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Java Switch on Steroids

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The native Java switch construct has been often criticized for its limited applicability, since it can operate only on ints, chars and (starting from Java 5) enums. For example Scala has demonstrated how power and flexible its pattern matching construct could be. Getting inspiration from it, the last version of lambdaj introduces a Switcher object that through a smart use of its closures and the matchers provided by hamcrest, greatly enriches the features of the java switch. That allows to implement factory and strategy pattern in a readable and almost declarative way.

For example let's suppose you need a strategy that switchs among three sorting algorithms based on some characteristic of the list to be sorted. In particular let's assume we have an algorithm specialized for Strings:
public List<String> sortStrings(List<String> list) {
// a sort algorithm suitable for Strings
another one that works well with small lists having no more than 100 items:
public List<T> sortSmallList(List<T> list) {
// a sort algorithm suitable for no more than 100 items
and a more general purpose one:
public List<String> sort(List<String> list) {
// a generic sort algorithm
Given these 3 sorting methods it is possible to create a strategy that chooses the most suitable of them in the following declarative way:
Switcher<List<T>> sortStrategy = new Switcher<List<T>>()
.addCase(having(on(List.class).get(0), instanceOf(String.class))),
new Closure() {{ of(this).sortStrings(var(List.class)); }})
.addCase(having(on(List.class).size(), lessThan(100))),
new Closure() {{ of(this).sortSmallList(var(List.class)); }})
.setDefault(new Closure() {{ of(this).sort(var(List.class)); }});
In this way it is possible to sort a list using the best available algorithm by invoking the Switcher as it follows:
List<T> sortedList = sortStrategy.exec(list, list);
In this case, the list must be passed twice to the Switcher: once to decide, through the hamcrest Matchers, which sorting method should be used and once to be passed to the closure that will actually do the sort.

The release 2.2 of lambdaj also allows to define blocks that invoke constructors. By using this last feature, it is easy to define a Switcher implementing a factory pattern, that creates different objects based on different conditions once again defined through hamcrest matchers.
Published at DZone with permission of its author, Mario Fusco.

(Note: Opinions expressed in this article and its replies are the opinions of their respective authors and not those of DZone, Inc.)



Ronald Miura replied on Mon, 2010/04/12 - 5:23am

What about

        if (list.get(0) instanceof String) {
            return sortStrings(list);
        } else if (list.size() < 100) {
            return sortSmallList(list);
        } else {
            return sort(list);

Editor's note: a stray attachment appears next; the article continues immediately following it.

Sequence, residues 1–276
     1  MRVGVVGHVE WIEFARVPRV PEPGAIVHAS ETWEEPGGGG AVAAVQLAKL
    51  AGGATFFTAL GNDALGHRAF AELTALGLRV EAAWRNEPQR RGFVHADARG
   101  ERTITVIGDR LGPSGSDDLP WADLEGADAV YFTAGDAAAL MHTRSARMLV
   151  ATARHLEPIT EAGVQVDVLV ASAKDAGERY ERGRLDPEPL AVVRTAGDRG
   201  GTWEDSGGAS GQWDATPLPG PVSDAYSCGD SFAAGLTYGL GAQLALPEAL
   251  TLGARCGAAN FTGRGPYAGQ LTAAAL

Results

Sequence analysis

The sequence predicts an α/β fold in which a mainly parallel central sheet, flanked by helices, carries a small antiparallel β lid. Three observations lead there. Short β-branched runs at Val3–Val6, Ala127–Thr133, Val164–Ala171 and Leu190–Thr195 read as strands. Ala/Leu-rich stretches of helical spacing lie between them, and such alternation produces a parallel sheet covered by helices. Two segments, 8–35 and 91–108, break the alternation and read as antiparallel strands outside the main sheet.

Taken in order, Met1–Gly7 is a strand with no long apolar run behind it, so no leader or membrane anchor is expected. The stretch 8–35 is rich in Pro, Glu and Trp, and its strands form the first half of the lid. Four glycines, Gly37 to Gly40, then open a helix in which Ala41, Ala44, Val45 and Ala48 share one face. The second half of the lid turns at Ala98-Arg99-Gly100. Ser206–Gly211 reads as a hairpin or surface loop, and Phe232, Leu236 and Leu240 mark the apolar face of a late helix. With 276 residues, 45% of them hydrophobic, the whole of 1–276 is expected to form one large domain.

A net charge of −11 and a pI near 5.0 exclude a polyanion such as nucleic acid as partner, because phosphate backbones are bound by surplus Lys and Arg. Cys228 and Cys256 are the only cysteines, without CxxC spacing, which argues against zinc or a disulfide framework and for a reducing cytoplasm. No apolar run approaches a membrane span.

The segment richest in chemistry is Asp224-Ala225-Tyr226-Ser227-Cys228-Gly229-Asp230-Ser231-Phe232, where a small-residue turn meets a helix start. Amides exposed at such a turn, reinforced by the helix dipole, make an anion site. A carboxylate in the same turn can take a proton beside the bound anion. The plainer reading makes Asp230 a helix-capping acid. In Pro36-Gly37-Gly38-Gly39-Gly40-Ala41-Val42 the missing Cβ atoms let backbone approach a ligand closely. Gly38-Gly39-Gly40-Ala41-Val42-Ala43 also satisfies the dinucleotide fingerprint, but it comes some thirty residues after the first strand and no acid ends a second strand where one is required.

Mario Fusco replied on Mon, 2010/04/12 - 6:47am in response to: Ronald Miura

Of course that works as well. Personally I don't like very long if ... else if ... else if ... chains. In this cases I prefer to use the switch statement, but, as I wrote, I found it very limitating. That's why I tried to extend its applicability.

Jeff Szeto replied on Mon, 2010/04/12 - 9:11am

It might just be your example... It seems to me that your usage of the switcher has much more ceremony (poor signal-to-noise ratio) than simply using if-else. Just counting how braces & parentheses you have used there, you got the idea. Of course, we understand the advantage of using switch instead of if-else. But I think this issue is better to be solved from language perspective (I think it's part of Java 7) and that's where the true benefit comes - keep the code clean and easy to read/maintain.

Mario Fusco replied on Mon, 2010/04/12 - 9:31am in response to: Jeff Szeto

You are right about the poor signal-to-noise ratio, but this is the best I could do with the current Java syntax and features.

For what I know Java 7 will just add the possibility to switch on Strings. If that is true, my Switcher will be still more powerfull than that. Indeed if you pass as first parameter to its addCase() method any kind of object instead of an Hamcrest matcher it automatically converts it in an equalTo() matcher with the given object as argument. It means that you can switch on object on any class by using the object's equals() method and not only on Strings.

Liam Knox replied on Tue, 2010/04/13 - 5:35pm in response to: Mario Fusco

Are you kidding?

Compared to your example you can actually see what it is doing very, very easily. And that is by far the most important point. If functional/closure syntax digress from this fact, dont use them.

Kirk Pepperdine replied on Tue, 2010/04/13 - 10:25pm

Sorry, but this is a load of mung!

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